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Persistence of livestock-associated antibiotic-resistant Staphylococcus aureus among industrial hog operation workers in North Carolina over 14 days
  1. Maya Nadimpalli1,
  2. Jessica L Rinsky2,
  3. Steve Wing2,
  4. Devon Hall3,
  5. Jill Stewart1,
  6. Jesper Larsen4,
  7. Keeve E Nachman5,6,7,
  8. Dave C Love5,6,
  9. Elizabeth Pierce1,
  10. Nora Pisanic6,
  11. Jean Strelitz2,
  12. Laurel Harduar-Morano2,
  13. Christopher D Heaney6,8
  1. 1Department of Environmental Sciences & Engineering, Gillings School of Global Public Health, University of North Carolina at Chapel Hill, Chapel Hill, North Carolina, USA
  2. 2Department of Epidemiology, Gillings School of Global Public Health University of North Carolina at Chapel Hill, Chapel Hill, North Carolina, USA
  3. 3Rural Empowerment Association for Community Help (REACH), Warsaw, North Carolina, USA
  4. 4Microbiology and Infection Control, Statens Serum Institut, Copenhagen, Denmark
  5. 5Johns Hopkins Center for a Livable Future, Johns Hopkins University, Baltimore Maryland, USA
  6. 6Department of Environmental Health Sciences, Johns Hopkins Bloomberg School of Public Health, Baltimore, Maryland, USA
  7. 7Department of Health Policy and Management, Johns Hopkins Bloomberg School of Public Health, Baltimore, Maryland, USA
  8. 8Department of Epidemiology, Johns Hopkins Bloomberg School of Public Health, Baltimore, Maryland, USA
  1. Correspondence to Dr Christopher D Heaney, Environmental Health Sciences and Epidemiology, Johns Hopkins Bloomberg School of Public Health, Room W7033B, 615 North Wolfe Street, Baltimore, Maryland, 21205, USA; cheaney1{at}jhu.edu

Abstract

Objectives This study aimed to evaluate the persistence of nasal carriage of Staphylococcus aureus, methicillin-resistant S. aureus and multidrug-resistant S. aureus over 14 days of follow-up among industrial hog operation workers in North Carolina.

Methods Workers anticipating at least 24 h away from work were enrolled June–August 2012. Participants self-collected a nasal swab and completed a study journal on the evening of day 1, and each morning and evening on days 2–7 and 14 of the study. S. aureus isolated from nasal swabs were assessed for antibiotic susceptibility, spa type and absence of the scn gene. Livestock association was defined by absence of scn.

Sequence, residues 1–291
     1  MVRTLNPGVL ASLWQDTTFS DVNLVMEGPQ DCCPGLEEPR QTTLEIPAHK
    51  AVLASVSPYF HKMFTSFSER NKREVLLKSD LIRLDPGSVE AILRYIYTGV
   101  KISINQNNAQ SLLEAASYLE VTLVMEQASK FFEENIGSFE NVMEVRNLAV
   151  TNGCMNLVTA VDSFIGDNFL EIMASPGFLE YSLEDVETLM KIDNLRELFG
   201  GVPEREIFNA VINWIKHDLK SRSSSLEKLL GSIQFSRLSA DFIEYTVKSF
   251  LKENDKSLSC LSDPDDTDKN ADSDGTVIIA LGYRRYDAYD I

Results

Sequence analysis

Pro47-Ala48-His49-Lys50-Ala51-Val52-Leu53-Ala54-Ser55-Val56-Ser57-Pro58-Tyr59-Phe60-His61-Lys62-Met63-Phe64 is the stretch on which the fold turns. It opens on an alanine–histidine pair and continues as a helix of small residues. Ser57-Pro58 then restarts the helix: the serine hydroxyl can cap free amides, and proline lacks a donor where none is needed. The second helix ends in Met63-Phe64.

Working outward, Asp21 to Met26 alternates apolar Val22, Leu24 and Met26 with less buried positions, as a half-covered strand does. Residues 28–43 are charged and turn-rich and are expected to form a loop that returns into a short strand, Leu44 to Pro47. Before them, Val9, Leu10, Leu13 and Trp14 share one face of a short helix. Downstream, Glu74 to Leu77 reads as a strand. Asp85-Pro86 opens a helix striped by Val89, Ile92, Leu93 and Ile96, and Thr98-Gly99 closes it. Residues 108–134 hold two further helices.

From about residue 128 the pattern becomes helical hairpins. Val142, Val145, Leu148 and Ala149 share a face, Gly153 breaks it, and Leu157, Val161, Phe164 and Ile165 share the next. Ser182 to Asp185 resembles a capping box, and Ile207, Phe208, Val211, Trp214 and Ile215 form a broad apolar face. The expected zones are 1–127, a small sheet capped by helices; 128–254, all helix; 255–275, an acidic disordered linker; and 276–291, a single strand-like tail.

Results Twenty-two workers provided 327 samples. S. aureus carriage end points did not change with time away from work (mean 49 h; range >0–96 h). Ten workers were persistent and six were intermittent carriers of livestock-associated S. aureus. Six workers were persistent and three intermittent carriers of livestock-associated multidrug-resistant S. aureus. One worker persistently carried livestock-associated methicillin-resistant S. aureus. Six workers were non-carriers of livestock-associated S. aureus. Eighty-two per cent of livestock-associated S. aureus demonstrated resistance to tetracycline. A majority of livestock-associated S. aureus isolates (n=169) were CC398 (68%) while 31% were CC9. No CC398 and one CC9 isolate was detected among scn-positive isolates.

Conclusions Nasal carriage of livestock-associated S. aureus, multidrug-resistant S. aureus and methicillin-resistant S. aureus can persist among industrial hog operation workers over a 14-day period, which included up to 96 h away from work.

This is an Open Access article distributed in accordance with the Creative Commons Attribution Non Commercial (CC BY-NC 3.0) license, which permits others to distribute, remix, adapt, build upon this work non-commercially, and license their derivative works on different terms, provided the original work is properly cited and the use is non-commercial. See: http://creativecommons.org/licenses/by-nc/3.0/

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